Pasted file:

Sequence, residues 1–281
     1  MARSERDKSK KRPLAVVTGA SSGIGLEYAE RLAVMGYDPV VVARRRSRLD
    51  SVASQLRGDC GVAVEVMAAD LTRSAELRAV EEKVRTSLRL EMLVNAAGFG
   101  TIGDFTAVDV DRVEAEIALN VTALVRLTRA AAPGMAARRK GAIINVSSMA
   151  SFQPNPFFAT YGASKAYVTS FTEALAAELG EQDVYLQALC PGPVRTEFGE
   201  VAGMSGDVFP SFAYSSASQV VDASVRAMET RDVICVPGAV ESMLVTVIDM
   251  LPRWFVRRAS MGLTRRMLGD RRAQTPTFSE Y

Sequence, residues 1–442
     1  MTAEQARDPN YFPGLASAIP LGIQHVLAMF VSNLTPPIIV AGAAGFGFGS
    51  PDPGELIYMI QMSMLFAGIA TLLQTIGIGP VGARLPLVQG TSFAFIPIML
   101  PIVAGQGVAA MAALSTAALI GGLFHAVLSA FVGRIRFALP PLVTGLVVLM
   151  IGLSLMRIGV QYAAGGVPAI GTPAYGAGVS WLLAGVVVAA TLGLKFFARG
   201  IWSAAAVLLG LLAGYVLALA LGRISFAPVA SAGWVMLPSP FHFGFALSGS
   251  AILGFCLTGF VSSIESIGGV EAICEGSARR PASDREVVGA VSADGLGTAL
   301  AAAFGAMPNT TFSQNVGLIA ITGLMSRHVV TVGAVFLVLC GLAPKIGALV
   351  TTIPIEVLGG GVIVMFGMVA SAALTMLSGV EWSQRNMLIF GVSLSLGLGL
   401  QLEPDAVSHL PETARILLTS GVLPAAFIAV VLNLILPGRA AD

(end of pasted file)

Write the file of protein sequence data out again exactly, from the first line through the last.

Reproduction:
Sequence, residues 1–281
     1  MARSERDKSK KRPLAVVTGA SSGIGLEYAE RLAVMGYDPV VVARRRSRLD
    51  SVASQLRGDC GVAVEVMAAD LTRSAELRAV EEKVRTSLRL EMLVNAAGFG
   101  TIGDFTAVDV DRVEAEIALN VTALVRLTRA AAPGMAARRK GAIINVSSMA
   151  SFQPNPFFAT YGASKAYVTS FTEALAAELG EQDVYLQALC PGPVRTEFGE
   201  VAGMSGDVFP SFAYSSASQV VDASVRAMET RDVICVPGAV ESMLVTVIDM
   251  LPRWFVRRAS MGLTRRMLGD RRAQTPTFSE Y

Sequence, residues 1–442
     1  MTAEQARDPN YFPGLASAIP LGIQHVLAMF VSNLTPPIIV AGAAGFGFGS
    51  PDPGELIYMI QMSMLFAGIA TLLQTIGIGP VGARLPLVQG TSFAFIPIML
   101  PIVAGQGVAA MAALSTAALI GGLFHAVLSA FVGRIRFALP PLVTGLVVLM
   151  IGLSLMRIGV QYAAGGVPAI GTPAYGAGVS WLLAGVVVAA TLGLKFFARG
   201  IWSAAAVLLG LLAGYVLALA LGRISFAPVA SAGWVMLPSP FHFGFALSGS
   251  AILGFCLTGF VSSIESIGGV EAICEGSARR PASDREVVGA VSADGLGTAL
   301  AAAFGAMPNT TFSQNVGLIA ITGLMSRHVV TVGAVFLVLC GLAPKIGALV
   351  TTIPIEVLGG GVIVMFGMVA SAALTMLSGV EWSQRNMLIF GVSLSLGLGL
   401  QLEPDAVSHL PETARILLTS GVLPAAFIAV VLNLILPGRA AD